Ocaso / José Antonio Ramos Sucre


My soul delights watching the sky in blue or cloudy stretches, with the murmur of a delicious waltz. It imitates the quietude of the bird that prepares to rest for the approaching night. The advance of the shade blesses, like that of a timid virgin arriving to the date, when the day gathers itself and its cohort of inopportune rumors. Its black veils grow silently, becoming thicker with time, until its uniform stain and gentle slip provide the illusion of a sea of sedative and evil waters.
     Enveloped in the provident darkness, I imagine the solace of lying forgotten in the heart of an incalculable abyss, emulating the fortune of those characters whom the delirious Asiatic wit describes, happily captivated by the fascination of some marine divinity in the labyrinth of fantastic grottoes.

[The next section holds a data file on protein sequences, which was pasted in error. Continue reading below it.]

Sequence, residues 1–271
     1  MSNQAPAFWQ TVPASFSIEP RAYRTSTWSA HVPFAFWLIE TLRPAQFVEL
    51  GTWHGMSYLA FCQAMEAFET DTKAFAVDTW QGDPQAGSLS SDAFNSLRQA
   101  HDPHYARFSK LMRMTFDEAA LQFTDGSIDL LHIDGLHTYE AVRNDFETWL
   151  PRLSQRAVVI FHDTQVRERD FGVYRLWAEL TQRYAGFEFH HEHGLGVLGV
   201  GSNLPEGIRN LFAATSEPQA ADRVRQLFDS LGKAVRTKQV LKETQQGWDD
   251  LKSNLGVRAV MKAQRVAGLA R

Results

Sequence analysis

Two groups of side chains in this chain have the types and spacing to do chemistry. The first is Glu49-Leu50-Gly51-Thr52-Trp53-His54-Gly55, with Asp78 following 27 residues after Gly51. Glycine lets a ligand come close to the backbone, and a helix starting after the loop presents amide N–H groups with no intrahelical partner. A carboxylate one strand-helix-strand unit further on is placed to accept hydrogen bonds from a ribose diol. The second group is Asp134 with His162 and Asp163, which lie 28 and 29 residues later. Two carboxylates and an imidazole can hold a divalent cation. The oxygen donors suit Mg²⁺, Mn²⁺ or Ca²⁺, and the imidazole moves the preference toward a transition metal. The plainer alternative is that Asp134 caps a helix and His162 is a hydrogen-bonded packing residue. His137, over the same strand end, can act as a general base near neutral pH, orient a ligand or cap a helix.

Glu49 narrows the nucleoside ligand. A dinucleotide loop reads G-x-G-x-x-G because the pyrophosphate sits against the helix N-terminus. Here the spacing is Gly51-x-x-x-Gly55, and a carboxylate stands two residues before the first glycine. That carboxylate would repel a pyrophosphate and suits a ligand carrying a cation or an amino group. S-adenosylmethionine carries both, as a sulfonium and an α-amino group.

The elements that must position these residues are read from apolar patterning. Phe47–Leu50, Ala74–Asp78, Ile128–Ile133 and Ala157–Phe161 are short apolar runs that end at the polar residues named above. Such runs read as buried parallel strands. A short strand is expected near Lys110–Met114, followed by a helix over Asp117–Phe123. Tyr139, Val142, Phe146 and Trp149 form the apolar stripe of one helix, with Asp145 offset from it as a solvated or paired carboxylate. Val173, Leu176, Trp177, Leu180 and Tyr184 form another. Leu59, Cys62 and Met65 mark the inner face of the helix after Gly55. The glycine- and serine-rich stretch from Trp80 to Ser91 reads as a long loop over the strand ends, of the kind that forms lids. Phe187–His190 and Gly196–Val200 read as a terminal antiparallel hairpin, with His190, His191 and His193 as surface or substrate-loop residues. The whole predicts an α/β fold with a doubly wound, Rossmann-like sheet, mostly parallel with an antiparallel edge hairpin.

The sounds of the delicious waltz expire when the sun diffuses its final light over the oasis of the afternoon. In favor of the already quiet and dark atmosphere my senses enjoy their deserved lull of alert greyhounds. And to stop over my forehead the lazy gyre of its flight, from the heart of the shade surges the vampire of melancholy.

La torre de Timón (1925)

{ José Antonio Ramos Sucre, Obra completa, Caracas: Biblioteca Ayacucho, 1989 }

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